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Starlets, Klum get refined at NY Fashion Week

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NEW YORK — The starlets lining the front row of New York Fashion Week on Friday would be right at home in the simultaneously refined and youthful styles parading before them.

The look on the second day of more than 100 previews for retailers, editors and stylists balanced a ladylike elegance with a youthful flair. Light colors and lace details were offset by cutouts or even leather harnesses.

Allison Williams of HBO's "Girls" and Hailee Steinfeld of "True Grit" watched the muted florals on denim and midriff-baring cutouts at Peter Som. Emily Mortimer was on hand for Jason Wu, who said his collection aimed to balance beautiful refinement with something provocative and sexy.

"I love the idea of those two coming together — a softness and a hardness coming together and I wanted to make a collection that sort of balanced, just teetered on that line of sexy but still sophisticated," he said.

Meanwhile, the drama of "Project Runway" took center stage for the 10th anniversary season of a show that designer and judge Michael Kors said thrives because "fashion people by nature are a little high-strung, a little dramatic."

"Quite frankly, fashion people are interesting," he said. "Nothing against accountants but we are not a group of accountants, that's for sure."

Mercedes-Benz Fashion Week previews for retailers, editors and stylists continue for eight days, before the fashion crowd heads for London, Milan and Paris.


For Som's refined and youthful look, muted floral prints were shown on denim (part of Som's partnership with Earnest Sewn) and midriff-baring cutouts were carved into ladylike sheath dresses that fell below the knee. A pink orchid-print bustier dress was dotted with a bit of more demure lace.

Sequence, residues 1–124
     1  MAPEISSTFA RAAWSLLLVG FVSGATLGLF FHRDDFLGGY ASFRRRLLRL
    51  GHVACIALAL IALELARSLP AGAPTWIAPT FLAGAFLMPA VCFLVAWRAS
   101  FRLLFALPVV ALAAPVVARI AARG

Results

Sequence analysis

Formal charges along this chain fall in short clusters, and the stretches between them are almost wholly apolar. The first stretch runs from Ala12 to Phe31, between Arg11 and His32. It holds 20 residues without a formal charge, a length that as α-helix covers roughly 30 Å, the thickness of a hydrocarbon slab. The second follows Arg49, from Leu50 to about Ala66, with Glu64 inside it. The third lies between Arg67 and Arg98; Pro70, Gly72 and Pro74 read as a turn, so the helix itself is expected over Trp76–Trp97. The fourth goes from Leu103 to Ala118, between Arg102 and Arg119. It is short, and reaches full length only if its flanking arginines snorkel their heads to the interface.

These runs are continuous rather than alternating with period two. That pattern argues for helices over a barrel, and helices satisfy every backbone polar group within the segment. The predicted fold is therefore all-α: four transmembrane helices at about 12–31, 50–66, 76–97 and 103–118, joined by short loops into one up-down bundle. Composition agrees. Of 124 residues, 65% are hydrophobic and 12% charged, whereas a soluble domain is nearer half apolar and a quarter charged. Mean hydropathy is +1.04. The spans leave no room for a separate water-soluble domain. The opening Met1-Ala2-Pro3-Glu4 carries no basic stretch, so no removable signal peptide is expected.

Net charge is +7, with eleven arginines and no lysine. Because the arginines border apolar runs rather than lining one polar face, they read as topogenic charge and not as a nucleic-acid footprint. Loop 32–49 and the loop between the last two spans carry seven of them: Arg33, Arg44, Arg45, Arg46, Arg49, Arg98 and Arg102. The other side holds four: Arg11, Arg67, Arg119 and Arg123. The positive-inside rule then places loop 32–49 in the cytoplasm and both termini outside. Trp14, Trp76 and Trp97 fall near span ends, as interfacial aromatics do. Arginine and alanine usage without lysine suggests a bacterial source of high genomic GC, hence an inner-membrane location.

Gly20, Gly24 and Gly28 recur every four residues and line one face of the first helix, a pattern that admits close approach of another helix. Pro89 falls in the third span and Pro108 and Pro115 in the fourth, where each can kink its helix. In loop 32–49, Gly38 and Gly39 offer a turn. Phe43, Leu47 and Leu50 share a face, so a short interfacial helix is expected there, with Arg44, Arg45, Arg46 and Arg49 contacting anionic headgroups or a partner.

Standard button-down shirts and a lace T-shirt were jazzed up with jeweled collars.

Olympic gold-medal runner Sanya Richards Ross was there, fully decked out in one of Som's lace numbers. "I love fashion. It's in my genes. If you saw my grandmother going to the grocery store, you'd think she was having lunch with the Obamas. We're always dressed up," she said.

Som is known to play with texture, and he created a colorful patchwork of snakeskin chevrons. The best version was the shift that was mostly a mix of pinks and purples on top, and chartreuse below the dropped waist.


There wasn't a lot of room for error on the Jason Wu runway. But he didn't need it.

From Carolyn Murphy's opening crocodile-like leather sheath to the navy silk tulle harness gown with embroidery that closed the show, the look was slim and sophisticated. Lace insets, bra tops, sheer fabrics and sharp tuxedos turned into shorts kept lively what were really refined, classic silhouettes.

Wu, in a backstage interview, said he was inspired by two photographers with differing styles — Helmut Newton and Lillian Basman. It was the second show in the early going to make specific reference to Newton, which could explain the dominance of black and white. It was also the second to put leather harnesses on the models to give them a little bit of edge. They topped a white-lace embroidered shirt worn with black croc shorts, and over a pink lace sheath that also got a little bounce from a peplum.

One would imagine that first lady Michelle Obama, who helped propel Wu to hot-ticket status after she wore his gown to the 2008 inauguration, would wear her black-and-white "ghost print" satin sheath with organza insets sans leather hardware.


There was intrigue — and Heidi Klum in barely there gold — at the "Project Runway" show that will decide who wins the 10th anniversary season.

Eight contestants thanked their loved ones and shared their inspirations in the hour-long parade before the judges on the Lifetime series and a huge crowd at the Lincoln Center tents.

But only three or four of the eight remain in the running to win the milestone season (the others were shills to keep us guessing). The finale, based on judging of the Fashion Week looks, will air Oct. 18 with guest judge Jennifer Hudson.

"Wow, 10 seasons, who would have thought that would happen," Klum told the crowd, dressed in a sparkly, backless gown. With a front-row kiss for her producer, Harvey Weinstein, she assured fans of an 11th season.

There was a touch of mesh in jackets and tops from Gunnar Deatherage, a self-taught, 22-year-old designer from Kentucky who learned to sew at age 7 from his grandmother.

Elena Silvnyak, 28 and originally from the Ukraine, sent models out with bright yellow and green lips, two-tone fitted dresses and tunics.

An always serious Venn Budhu managed a rare smile at the end of his show, which featured impeccable bodices and necks in constructed layers of fabric on formal gowns and cocktail dresses in reds and off-whites.

Sonjia Williams, 27, another New Yorker, sent down an ode to herself, a "bold, strong, confident woman," with blue lace in leggings and tops, a wide-waisted skirt in a floral print and shorts in a piped leatherette.